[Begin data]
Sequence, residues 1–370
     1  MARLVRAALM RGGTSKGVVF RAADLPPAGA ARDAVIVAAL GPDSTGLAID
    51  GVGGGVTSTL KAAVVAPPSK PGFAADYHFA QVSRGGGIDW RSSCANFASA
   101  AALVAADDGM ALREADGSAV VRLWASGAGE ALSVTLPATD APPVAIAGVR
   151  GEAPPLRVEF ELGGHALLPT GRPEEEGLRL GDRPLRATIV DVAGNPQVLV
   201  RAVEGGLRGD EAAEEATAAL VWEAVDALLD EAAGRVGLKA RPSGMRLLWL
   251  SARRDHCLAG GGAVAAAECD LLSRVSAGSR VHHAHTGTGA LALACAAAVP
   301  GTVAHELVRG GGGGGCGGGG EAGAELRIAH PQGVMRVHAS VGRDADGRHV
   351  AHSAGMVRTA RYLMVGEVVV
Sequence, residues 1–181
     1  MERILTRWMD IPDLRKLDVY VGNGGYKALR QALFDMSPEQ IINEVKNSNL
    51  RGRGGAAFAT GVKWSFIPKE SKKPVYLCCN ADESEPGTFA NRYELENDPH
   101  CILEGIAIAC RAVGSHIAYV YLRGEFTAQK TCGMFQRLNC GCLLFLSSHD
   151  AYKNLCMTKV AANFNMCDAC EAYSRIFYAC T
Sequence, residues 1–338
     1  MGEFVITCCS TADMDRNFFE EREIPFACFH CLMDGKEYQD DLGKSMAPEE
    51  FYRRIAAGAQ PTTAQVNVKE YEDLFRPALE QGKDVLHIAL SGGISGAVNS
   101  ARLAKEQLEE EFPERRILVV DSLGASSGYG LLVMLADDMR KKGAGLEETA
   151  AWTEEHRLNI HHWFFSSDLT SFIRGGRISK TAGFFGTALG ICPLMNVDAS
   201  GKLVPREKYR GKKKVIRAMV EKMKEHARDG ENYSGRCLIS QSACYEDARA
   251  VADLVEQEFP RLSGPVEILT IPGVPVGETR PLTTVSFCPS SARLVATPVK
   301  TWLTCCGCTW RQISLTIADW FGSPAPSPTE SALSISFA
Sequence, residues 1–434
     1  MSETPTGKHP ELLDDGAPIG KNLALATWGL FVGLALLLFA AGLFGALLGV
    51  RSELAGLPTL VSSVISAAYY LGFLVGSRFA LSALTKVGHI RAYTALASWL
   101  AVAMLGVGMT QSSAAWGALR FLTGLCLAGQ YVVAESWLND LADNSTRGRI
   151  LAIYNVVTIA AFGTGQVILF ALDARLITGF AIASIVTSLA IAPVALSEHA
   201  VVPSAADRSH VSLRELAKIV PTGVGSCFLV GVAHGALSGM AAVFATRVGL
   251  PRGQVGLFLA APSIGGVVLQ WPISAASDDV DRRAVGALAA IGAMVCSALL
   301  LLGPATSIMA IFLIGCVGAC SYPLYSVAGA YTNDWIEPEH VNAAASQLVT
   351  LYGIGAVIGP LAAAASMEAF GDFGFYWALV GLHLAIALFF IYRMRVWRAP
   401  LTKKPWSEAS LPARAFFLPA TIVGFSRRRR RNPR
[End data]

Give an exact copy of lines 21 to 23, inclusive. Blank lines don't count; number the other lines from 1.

   251  VADLVEQEFP RLSGPVEILT IPGVPVGETR PLTTVSFCPS SARLVATPVK
   301  TWLTCCGCTW RQISLTIADW FGSPAPSPTE SALSISFA
Sequence, residues 1–434